Chick-fil-A Bowl: Andre Ellington Will Be Crucial Key for Clemson vs. LSU

Tim KeeneyContributor IDecember 31, 2012

CLEMSON, SC - NOVEMBER 17:  Andre Ellington #23 of the Clemson Tigers jumps over Earl Wolff #27 of the North Carolina State Wolfpack during their game at Memorial Stadium on November 17, 2012 in Clemson, South Carolina.  (Photo by Streeter Lecka/Getty Images)
Streeter Lecka/Getty Images

The Clemson Tigers have a hoard of talented offensive skill players, but against the other Tigers of LSU, Andre Ellington will be the most important of all of them. 

Simply put, Les Miles' squad will turn the Chick-fil-A Bowl into a classic SEC battle. It will slow the game down, grind it out in the trenches, rely on its defense and make it an ugly affair that you probably don't want to watch. 

When you have players like Kevin Minter, Sam Montgomery, Anthony Johnson and Barkevious Mingo—who all help make up one of the most ferocious front sevens in the country—it's pretty simple to play that kind of menacing style.

Unfortunately for Clemson, which likes to speed the game up and score touchdowns like they're going out of style, slowing the pace of a football game is much easier to do than quickening it. 

As such, LSU is going to make things difficult on quarterback Tajh Boyd. The talented junior quarterback is elusive in the pocket and knows how to escape pressure, but he's never faced pass-rushers like Montgomery and Mingo, who are a large part in LSU ranking 34th in the nation in sacks.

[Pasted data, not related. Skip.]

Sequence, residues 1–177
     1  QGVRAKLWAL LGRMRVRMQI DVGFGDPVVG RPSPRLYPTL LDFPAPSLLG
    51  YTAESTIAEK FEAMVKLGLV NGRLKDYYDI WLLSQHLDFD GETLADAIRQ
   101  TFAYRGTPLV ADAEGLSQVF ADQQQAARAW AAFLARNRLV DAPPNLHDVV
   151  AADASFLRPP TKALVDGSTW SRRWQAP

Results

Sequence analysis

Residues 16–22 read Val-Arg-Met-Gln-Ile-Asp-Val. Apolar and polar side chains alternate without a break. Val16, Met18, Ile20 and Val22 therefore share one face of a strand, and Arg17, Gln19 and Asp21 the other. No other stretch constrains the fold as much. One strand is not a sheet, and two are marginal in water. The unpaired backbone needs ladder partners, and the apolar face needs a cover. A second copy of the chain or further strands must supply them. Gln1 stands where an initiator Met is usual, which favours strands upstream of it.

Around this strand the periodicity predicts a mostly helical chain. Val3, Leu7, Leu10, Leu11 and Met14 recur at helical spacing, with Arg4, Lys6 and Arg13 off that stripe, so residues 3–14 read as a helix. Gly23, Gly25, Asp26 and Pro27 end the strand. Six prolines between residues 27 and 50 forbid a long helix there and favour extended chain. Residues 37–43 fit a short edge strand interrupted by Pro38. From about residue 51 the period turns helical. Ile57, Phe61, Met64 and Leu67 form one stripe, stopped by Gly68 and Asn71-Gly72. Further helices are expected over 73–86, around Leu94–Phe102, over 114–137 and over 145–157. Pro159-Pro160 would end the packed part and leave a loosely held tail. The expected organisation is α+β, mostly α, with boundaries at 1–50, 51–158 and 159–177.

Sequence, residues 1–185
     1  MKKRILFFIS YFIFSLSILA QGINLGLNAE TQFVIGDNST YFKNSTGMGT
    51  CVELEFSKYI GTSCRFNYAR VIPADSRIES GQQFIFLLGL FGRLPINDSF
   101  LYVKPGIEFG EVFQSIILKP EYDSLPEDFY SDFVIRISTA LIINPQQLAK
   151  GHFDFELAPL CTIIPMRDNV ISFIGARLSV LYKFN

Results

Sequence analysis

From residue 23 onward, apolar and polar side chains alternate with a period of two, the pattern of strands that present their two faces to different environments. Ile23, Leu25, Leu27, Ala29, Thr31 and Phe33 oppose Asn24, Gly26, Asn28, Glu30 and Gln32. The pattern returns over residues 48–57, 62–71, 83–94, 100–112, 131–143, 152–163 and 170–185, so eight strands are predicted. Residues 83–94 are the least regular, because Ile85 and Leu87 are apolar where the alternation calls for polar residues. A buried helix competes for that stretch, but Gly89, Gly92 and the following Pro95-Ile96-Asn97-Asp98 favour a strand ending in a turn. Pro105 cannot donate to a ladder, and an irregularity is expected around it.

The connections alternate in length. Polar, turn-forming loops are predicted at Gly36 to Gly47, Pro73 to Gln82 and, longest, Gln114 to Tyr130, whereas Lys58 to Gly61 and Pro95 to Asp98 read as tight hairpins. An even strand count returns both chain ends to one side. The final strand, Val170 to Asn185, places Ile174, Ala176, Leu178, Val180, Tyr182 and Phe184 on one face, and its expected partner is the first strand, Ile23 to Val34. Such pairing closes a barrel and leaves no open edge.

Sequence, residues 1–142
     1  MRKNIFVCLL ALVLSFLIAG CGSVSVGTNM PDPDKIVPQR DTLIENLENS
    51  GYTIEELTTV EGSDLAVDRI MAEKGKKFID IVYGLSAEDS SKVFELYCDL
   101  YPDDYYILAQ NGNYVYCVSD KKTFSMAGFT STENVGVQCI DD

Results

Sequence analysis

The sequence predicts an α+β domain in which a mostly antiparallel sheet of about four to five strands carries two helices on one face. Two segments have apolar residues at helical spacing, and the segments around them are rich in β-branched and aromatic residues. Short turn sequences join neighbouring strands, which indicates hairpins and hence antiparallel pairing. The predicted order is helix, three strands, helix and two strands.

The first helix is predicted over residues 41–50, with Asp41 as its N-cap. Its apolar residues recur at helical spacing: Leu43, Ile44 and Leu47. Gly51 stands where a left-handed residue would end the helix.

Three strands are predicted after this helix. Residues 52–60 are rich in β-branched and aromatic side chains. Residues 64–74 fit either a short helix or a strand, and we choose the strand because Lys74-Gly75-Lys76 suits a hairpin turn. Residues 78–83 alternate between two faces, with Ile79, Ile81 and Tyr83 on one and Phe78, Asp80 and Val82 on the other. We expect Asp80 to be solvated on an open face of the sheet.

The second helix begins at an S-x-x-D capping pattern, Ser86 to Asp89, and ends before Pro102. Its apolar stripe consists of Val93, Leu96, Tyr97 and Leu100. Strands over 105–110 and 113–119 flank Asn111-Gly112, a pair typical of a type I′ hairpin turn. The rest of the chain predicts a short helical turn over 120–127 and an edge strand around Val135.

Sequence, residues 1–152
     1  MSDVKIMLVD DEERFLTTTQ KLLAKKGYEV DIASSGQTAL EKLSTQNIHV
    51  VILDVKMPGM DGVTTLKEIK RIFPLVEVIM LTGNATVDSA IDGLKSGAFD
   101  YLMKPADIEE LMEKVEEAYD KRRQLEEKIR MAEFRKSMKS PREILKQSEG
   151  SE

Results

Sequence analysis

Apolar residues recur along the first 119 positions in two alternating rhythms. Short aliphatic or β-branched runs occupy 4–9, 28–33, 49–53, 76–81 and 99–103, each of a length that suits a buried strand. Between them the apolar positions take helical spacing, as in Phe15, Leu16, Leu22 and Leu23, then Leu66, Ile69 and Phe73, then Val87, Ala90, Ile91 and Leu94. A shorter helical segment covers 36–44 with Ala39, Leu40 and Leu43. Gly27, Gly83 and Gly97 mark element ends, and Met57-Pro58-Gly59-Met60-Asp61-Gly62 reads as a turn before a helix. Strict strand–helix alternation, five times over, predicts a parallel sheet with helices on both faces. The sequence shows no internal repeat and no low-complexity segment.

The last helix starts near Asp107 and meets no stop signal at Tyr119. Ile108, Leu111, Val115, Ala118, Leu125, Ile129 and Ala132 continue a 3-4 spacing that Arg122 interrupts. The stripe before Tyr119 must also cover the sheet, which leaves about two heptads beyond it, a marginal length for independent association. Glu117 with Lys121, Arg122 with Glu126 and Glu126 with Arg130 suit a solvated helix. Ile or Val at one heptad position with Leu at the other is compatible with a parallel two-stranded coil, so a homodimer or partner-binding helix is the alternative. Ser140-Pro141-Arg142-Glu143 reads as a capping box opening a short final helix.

Because of what figures to be defenders in his face all day, Boyd won't be able to use DeAndre Hopkins and Sammy Watkins, who make up arguably the most talented non-USC wide-receiver duo in the nation, as much as he would normally like.

Hopkins and Watkins are too skilled to be shut down completely, but with less time in the pocket, it won't be easy to use them as deep threats. Just look at Clemson's recent clash with South Carolina, another hard-nosed SEC team, for proof. 

Enter Ellington. 

At 5'9", 190 pounds, the explosive running back doesn't have ideal size for a running back, but his elusiveness—in between tackles and separating himself from defenders—is second to none.

In short, he's a home-run threat, but he has proven during his career with the Tigers that he can be relied upon as a workhorse back, as well.

Ellington not only will have to carry a large load in order to open up the passing game, but he'll have to break open a few of his patented long runs to help tire LSU's dangerous defenders. 

As that one bad guy from Taken would say, "Good luck."